Archive for November, 2008

Moms On Issues

with Sara and Veronica

We're two moms with different backgrounds, jobs and points of view, writing about our opinions on the political and social issues affecting working moms. We'll also keep our eye on the media and the celebrity mom world to highlight issues that are relevant to your life.

Check out our personal blogs: Veronica's Blog and Sara's Blog

If the position doesn’t pay, does it command respect?

Categories: career, feminism, moms in the news, politics

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No, this isn’t another “don’t blog for free” treatise, but close. One of the electoral victories for women is that the New Hampshire Senate now has a women majority.

New Hampshire’s state Senate will carve history for the Granite State in January when the legislative body convenes with women in 13 of the 24 seats forming the country’s first female majority.

Women will also factor in key positions of leadership: the Senate is presided over by its president, Sylvia Larson, and president pro-tem, Maggie Hassan, while Martha Fuller Clark continues her role as majority whip.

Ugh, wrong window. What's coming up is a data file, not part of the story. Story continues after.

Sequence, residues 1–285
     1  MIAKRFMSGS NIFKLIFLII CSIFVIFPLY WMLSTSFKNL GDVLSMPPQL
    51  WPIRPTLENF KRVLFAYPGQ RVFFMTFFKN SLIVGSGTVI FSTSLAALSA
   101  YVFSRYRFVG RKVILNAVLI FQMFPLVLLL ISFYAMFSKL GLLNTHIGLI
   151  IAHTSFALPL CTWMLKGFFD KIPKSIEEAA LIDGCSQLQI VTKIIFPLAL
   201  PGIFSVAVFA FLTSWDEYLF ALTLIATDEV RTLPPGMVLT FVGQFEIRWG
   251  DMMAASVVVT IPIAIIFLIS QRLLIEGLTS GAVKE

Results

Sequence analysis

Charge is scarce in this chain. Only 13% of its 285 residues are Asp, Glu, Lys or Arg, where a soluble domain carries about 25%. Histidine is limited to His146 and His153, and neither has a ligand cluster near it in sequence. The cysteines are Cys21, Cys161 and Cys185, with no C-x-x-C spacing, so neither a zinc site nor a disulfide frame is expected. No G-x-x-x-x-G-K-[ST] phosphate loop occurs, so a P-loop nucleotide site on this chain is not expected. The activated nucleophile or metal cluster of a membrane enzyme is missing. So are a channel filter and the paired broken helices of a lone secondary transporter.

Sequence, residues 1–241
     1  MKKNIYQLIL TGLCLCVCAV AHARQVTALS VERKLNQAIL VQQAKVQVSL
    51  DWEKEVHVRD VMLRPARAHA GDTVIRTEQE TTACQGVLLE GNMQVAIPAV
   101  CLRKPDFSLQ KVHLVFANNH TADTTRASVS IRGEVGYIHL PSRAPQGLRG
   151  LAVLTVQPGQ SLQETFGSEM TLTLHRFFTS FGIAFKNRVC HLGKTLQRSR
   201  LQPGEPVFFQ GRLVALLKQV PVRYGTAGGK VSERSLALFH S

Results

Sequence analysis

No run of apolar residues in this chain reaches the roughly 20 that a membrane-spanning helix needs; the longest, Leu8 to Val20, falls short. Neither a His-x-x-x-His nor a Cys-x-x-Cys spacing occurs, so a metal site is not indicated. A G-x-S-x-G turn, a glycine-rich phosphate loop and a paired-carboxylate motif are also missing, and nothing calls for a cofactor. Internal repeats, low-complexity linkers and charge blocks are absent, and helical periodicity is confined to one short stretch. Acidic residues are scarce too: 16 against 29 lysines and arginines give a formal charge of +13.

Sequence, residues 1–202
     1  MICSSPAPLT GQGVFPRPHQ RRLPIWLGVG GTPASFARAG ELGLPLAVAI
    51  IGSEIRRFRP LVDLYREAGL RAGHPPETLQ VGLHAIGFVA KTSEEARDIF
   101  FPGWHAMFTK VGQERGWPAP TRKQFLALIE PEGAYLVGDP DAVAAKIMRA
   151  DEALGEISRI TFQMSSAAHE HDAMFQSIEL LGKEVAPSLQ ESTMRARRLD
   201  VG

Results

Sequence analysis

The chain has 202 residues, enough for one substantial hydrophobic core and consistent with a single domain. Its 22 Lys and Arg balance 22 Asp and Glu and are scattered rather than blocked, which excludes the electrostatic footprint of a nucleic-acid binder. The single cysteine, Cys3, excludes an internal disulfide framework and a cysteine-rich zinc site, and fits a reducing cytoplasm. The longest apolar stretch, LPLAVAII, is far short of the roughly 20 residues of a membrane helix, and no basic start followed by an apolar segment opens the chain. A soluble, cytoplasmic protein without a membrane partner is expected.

This is certainly significant as New Hampshire would be the experiment we have been waiting for to see if you do put women in charge if things would end up any differently, specifically in a better place. But one thing has put this experiment in some doubt – pay.

States such as New Hampshire and New Mexico, whose elected officials receive no compensation, tend to have a higher percentage of female representatives, says Ziegler, because the sessions are less time-consuming and the expectations and compensation are such that the people who serve think of themselves as public servants rather than professional politicians.

Ziegler goes on to parallel the New Hampshire and New Mexico legislatures to PTAs because of the no pay and smaller time commitments.